That’s right, Mai has preciously kept all of the fan-letters her younger sister sent her all those years ago. She emerges from the hallway to explain that when she was young and famous, everything was a blur. Random people would compliment her, but their words didn’t mean anything. However, when her little sister encouraged her to keep going, that’s what gave Mai motivation to work harder and keep doing the job. Mai thanks Nodoka for being her younger sister, but Nodoka is still feeling the burden of meeting the expectations her amazing older sister had set. Mai tells her that the success she had with Sweet Bullet was because she worked hard, and encourages her sister to do the same. In a final moment of revelation, Nodoka acknowledges she doesn’t have to be, nor does she want to be, just like Mai. She could be her own person, and that’s okay.
Almost instantly after that acknowledgment, the sisters swap back into the right bodies once again! When Sakuta returns the next day, however, Nodoka is still at Mai’s apartment. Following another argument with her mother, it turns out that she’ll be staying with Mai for the time being.
In the post-credits scene, we find that our heroes have forgotten a key element of Mai & Sakuta’s relationship: they’re not supposed to be in one! After getting a call from her agency, Mai reveals a leaked photo that shows her and Sakuta together. Now we’ve got ourselves a scandal…
The drama of puberty syndrome continues to play out as Rascal Does Not Dream Of Bunny Girl Senpai tucks away yet another well-constructed arc.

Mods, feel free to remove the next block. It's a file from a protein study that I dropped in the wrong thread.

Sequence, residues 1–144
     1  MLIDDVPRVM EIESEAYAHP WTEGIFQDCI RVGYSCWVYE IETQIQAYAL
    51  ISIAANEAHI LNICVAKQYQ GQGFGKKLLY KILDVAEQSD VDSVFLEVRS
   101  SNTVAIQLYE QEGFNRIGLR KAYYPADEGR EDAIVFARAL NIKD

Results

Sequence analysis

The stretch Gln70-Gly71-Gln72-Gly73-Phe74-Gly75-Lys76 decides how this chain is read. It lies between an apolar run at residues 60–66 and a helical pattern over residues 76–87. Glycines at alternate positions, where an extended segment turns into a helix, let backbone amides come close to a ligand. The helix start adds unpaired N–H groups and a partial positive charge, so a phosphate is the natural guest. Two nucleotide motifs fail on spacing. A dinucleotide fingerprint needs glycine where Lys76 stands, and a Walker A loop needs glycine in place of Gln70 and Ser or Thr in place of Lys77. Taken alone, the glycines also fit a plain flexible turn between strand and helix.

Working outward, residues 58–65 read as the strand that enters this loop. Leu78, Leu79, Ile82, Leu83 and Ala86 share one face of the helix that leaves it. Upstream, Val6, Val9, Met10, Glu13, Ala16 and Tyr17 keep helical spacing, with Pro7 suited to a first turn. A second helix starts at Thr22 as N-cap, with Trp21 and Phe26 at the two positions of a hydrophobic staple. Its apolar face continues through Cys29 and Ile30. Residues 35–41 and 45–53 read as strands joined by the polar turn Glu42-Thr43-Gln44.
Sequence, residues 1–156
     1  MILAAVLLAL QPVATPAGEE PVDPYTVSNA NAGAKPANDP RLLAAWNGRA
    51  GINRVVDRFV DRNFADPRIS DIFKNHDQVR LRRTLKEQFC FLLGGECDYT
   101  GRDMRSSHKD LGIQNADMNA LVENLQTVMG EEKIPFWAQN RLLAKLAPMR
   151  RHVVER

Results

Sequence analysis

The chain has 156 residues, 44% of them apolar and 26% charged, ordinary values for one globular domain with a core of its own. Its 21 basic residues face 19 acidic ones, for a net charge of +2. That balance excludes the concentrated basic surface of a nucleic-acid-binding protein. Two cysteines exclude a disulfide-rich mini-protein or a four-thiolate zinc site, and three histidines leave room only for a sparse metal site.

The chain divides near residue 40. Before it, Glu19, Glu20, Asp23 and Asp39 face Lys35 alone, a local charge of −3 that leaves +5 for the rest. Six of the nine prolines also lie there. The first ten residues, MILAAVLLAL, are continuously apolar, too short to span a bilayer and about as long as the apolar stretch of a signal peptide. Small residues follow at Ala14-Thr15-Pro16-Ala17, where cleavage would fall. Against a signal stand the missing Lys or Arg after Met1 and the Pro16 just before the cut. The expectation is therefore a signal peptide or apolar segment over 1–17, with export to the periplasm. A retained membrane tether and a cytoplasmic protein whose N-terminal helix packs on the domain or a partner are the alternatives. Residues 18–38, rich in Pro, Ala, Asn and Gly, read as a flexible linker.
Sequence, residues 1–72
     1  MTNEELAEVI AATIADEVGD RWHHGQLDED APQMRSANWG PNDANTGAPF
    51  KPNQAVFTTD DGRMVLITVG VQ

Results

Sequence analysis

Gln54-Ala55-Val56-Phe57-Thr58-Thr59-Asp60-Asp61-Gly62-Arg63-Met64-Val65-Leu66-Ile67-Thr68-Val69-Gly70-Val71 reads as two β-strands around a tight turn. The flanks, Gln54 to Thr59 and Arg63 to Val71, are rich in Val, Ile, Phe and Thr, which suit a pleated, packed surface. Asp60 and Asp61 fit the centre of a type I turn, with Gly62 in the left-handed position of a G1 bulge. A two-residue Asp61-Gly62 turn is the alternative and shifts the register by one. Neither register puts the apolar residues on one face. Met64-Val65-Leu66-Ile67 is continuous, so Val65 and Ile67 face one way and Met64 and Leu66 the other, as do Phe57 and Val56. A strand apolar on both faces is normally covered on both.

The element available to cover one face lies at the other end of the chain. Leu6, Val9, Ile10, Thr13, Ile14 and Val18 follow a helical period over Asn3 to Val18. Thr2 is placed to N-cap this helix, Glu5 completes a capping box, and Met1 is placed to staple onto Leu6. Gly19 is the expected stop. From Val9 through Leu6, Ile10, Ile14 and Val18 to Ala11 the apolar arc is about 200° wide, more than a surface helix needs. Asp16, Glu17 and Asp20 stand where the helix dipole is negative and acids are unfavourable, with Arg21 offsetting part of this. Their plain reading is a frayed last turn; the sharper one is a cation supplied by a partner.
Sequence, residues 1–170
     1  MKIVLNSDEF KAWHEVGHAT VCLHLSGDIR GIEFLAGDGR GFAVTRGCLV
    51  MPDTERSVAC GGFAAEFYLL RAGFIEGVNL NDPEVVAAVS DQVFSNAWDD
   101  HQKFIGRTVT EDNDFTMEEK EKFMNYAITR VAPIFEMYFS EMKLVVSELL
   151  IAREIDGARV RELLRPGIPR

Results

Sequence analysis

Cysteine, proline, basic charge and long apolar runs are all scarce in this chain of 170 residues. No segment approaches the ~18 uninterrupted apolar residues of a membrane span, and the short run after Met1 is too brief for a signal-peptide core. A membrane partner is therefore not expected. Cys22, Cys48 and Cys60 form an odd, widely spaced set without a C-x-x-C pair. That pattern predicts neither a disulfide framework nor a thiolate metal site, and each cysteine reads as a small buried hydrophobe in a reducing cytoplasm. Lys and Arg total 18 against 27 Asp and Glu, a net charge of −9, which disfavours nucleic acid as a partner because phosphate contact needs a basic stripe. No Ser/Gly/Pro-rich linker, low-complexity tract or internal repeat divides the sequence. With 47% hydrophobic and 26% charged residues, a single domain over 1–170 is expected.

The story largely played out the way that I expected, save for one dramatic twist: Nodoka’s suicide attempt. The resignation on Nodoka’s face when her mother was praising Mai was heartbreaking to be sure, but I didn’t really grasp what was going on until she started walking into the ocean, which allowed the scene to carry even more weight. Sakuta’s detective work gave him the trump card he needed, and once the sisters got a chance to sit down and properly talk it out, some of Nodoka’s insecurities and immature aspects were allowed to be fully exposed.
My biggest gripe with the episode is that following Nodoka’s rather drastic action at the beach, there’s not much discussion about the “why” behind her behavior. Anger, and jealousy borne out of having a successful older sibling is vastly different than feeling justified in taking one’s own life because they’re not “needed”. Indeed, it doesn’t even seem like Sakuta confided that part of the evening to Mai – a glaring oversight in my opinion.
The expressiveness of the various characters, especially during the most impactful scenes, retain their impressiveness 10 episodes in, but it does make the lower quality shots & scenes a bit easier to spot.
Rascal Does Not Dream Of Bunny Girl Senpai still sets itself apart in this buzzing season with its superbly crafted story arcs. As the episode comes to an end, we already see the building blocks for the next arc, which will seemingly be focused on Kaede. I’m interested to see how the previous characters are folded into the story to come – as the balancing act gets harder and harder with each new character added to the roster.